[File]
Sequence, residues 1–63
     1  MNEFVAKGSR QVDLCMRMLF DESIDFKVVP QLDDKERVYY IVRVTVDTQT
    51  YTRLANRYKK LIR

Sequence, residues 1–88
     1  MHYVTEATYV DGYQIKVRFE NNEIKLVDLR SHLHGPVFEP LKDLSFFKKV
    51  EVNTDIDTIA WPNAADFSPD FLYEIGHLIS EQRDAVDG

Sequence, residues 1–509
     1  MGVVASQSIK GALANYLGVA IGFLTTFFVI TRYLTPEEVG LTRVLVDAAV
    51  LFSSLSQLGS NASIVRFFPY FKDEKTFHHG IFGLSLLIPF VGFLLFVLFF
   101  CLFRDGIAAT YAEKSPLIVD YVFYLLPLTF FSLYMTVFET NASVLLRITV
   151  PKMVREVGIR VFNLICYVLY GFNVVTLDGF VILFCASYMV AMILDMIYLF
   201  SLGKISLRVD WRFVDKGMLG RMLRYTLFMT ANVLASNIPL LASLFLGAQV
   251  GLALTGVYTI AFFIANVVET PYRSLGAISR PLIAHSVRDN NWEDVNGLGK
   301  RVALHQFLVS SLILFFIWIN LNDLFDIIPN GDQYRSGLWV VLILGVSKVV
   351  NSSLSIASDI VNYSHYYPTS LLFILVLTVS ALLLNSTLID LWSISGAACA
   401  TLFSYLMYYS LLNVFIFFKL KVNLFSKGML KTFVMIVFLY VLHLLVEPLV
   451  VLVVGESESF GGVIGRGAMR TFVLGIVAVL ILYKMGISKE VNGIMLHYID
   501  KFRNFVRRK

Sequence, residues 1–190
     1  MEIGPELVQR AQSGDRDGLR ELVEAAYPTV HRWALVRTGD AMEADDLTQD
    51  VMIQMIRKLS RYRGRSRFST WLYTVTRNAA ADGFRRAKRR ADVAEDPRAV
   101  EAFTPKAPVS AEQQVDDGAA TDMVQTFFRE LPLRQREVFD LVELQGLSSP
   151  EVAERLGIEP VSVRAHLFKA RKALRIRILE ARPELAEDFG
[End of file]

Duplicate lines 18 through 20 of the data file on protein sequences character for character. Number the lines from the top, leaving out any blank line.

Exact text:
   501  KFRNFVRRK

Sequence, residues 1–190
     1  MEIGPELVQR AQSGDRDGLR ELVEAAYPTV HRWALVRTGD AMEADDLTQD